Improvements in pain, physical function, and work productivity are likely to endure for at least seven years after bariatric weight loss surgery, according to research from the University of Pittsburgh.
The study found that improvements continued in participants even after ageing over the course of the study. This information can help physicians and patients who undergo weight loss surgery to alleviate joint pain and improve their mobility.
“Adults with severe obesity are much more likely to experience significant joint pain and limits to their physical abilities,” said Wendy King PhD, Associate Professor of Epidemiology at Pitt’s School of Public Health. “Obesity leads to an earlier need for knee and hip replacement. However, adults with severe obesity may be denied joint surgery until they lose weight. And, if physical limitations and pain interfere with job performance, losing weight could be necessary to maintain employment.”
The study was published in JAMA Network Open.
The new study will help doctors achieve better results
Between 2006 and 2009, King and her colleagues followed 1,491 adult participants who received either Roux-en-Y gastric bypass or sleeve gastrectomy, the two most common types of weight loss surgery. At the time of the weight loss surgery, the median age of the participants was 47, and 80% were female.
The participants were enrolled in the National Institutes of Health-funded Longitudinal Assessment of Bariatric Surgery-2 (LABS-2), a cohort of US patients undergoing weight loss surgery.
This research expands on previous research from King that found that in the three years immediately following bariatric weight loss surgery, 50%-70% of participants reported improvements in pain levels, physical function and walking speed.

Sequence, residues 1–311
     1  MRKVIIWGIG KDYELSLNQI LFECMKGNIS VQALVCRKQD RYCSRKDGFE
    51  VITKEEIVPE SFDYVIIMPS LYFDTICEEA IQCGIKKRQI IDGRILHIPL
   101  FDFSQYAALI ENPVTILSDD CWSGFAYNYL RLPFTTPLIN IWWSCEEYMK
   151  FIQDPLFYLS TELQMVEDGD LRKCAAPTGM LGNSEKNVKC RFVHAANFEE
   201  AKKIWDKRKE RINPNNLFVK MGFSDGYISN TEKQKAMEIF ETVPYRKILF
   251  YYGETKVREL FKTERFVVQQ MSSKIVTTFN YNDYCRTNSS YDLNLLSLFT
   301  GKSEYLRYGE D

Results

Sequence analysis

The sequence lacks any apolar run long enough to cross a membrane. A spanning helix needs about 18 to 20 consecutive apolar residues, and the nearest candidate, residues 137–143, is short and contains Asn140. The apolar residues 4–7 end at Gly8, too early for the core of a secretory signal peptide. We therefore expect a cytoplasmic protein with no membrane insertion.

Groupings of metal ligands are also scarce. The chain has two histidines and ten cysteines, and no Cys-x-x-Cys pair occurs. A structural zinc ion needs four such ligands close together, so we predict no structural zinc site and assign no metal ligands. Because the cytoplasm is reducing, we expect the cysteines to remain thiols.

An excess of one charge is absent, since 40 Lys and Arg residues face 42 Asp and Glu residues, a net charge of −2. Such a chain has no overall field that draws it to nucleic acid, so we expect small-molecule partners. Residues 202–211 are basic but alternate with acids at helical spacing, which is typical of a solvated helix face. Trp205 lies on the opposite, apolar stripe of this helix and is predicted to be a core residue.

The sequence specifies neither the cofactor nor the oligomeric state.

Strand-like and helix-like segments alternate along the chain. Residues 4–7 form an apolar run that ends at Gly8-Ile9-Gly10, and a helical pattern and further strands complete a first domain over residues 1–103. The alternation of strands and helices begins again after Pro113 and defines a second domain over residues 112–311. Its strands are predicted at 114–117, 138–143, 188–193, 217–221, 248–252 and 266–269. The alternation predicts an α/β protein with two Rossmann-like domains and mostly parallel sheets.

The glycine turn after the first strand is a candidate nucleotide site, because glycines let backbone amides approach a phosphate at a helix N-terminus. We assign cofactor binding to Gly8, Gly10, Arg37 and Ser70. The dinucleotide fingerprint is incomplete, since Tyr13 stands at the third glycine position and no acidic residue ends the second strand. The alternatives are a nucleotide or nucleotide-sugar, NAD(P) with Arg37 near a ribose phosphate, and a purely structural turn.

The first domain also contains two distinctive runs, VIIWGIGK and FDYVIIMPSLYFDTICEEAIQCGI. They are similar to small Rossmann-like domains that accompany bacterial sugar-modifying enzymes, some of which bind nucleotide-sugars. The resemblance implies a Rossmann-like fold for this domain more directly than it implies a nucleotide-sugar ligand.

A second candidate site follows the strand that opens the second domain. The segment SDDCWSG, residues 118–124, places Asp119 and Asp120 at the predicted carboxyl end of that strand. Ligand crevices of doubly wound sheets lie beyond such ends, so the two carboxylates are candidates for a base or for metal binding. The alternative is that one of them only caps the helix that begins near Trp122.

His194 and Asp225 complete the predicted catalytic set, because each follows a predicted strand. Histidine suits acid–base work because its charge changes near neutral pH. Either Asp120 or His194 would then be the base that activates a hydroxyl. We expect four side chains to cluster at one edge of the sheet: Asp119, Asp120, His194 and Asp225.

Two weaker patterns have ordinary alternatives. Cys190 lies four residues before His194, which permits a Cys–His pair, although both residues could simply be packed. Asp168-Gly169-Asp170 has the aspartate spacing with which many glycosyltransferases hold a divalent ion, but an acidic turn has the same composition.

“At the time, that research provided the largest and longest-running evaluation of changes in pain and physical function after modern-day bariatric procedures,” King said. “Our new study more than doubles that timespan, giving patients and doctors a better understanding of the likelihood that bariatric weight loss surgery will yield lasting results.”
Weight loss surgery can improve employability
In their most recent study, the researchers found at seven years post-surgery, 43% of participants had reported improvements in pain, 64% reported improvements in physical function and 50% reported improvements in walking speed. These results were all down by 7%-11% from the three-year assessment.
65% of participants who had symptoms of osteoarthrosis before having weight loss surgery reported improvements in hip pain, while 72% reported improvements in knee function, seven years post-surgery. These figures were 77% down from the three-year stage.
King explained that small to moderate declines in pain and physical function were to be expected given that patients had also aged over the course of the study. “On average, participants experienced durable improvements in walking speed, fitness and almost all metrics of pain,” King said.
Participants also reported that pain and health status interfered less with their ability to work after the weight loss surgery. Only 43% of participants reporting impaired work due to health seven years after weight loss surgery, this was down 63% from pre-surgery levels.
“Combined, our study provides great news about the lasting effects of bariatric surgery,” King said. “But clinicians should look at patients as individuals and consider their complete health history, goals and motivations for weight loss when providing presurgical counselling on potential results.”